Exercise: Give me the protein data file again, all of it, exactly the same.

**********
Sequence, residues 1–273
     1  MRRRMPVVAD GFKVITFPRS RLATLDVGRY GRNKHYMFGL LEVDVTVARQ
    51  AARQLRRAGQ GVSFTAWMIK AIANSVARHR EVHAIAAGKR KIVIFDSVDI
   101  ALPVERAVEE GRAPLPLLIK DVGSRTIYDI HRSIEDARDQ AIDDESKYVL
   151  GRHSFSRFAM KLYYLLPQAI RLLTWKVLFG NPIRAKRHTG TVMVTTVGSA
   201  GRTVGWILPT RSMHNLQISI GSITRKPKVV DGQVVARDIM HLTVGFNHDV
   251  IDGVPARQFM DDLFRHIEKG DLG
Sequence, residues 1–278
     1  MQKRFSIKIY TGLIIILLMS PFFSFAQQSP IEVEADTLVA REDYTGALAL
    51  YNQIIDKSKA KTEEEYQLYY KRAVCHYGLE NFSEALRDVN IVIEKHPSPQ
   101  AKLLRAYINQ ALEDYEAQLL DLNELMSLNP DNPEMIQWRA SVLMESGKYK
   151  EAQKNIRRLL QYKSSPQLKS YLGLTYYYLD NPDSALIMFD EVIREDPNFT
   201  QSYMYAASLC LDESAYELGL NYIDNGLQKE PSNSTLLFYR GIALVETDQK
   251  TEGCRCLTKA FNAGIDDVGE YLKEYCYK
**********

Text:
Sequence, residues 1–273
     1  MRRRMPVVAD GFKVITFPRS RLATLDVGRY GRNKHYMFGL LEVDVTVARQ
    51  AARQLRRAGQ GVSFTAWMIK AIANSVARHR EVHAIAAGKR KIVIFDSVDI
   101  ALPVERAVEE GRAPLPLLIK DVGSRTIYDI HRSIEDARDQ AIDDESKYVL
   151  GRHSFSRFAM KLYYLLPQAI RLLTWKVLFG NPIRAKRHTG TVMVTTVGSA
   201  GRTVGWILPT RSMHNLQISI GSITRKPKVV DGQVVARDIM HLTVGFNHDV
   251  IDGVPARQFM DDLFRHIEKG DLG
Sequence, residues 1–278
     1  MQKRFSIKIY TGLIIILLMS PFFSFAQQSP IEVEADTLVA REDYTGALAL
    51  YNQIIDKSKA KTEEEYQLYY KRAVCHYGLE NFSEALRDVN IVIEKHPSPQ
   101  AKLLRAYINQ ALEDYEAQLL DLNELMSLNP DNPEMIQWRA SVLMESGKYK
   151  EAQKNIRRLL QYKSSPQLKS YLGLTYYYLD NPDSALIMFD EVIREDPNFT
   201  QSYMYAASLC LDESAYELGL NYIDNGLQKE PSNSTLLFYR GIALVETDQK
   251  TEGCRCLTKA FNAGIDDVGE YLKEYCYK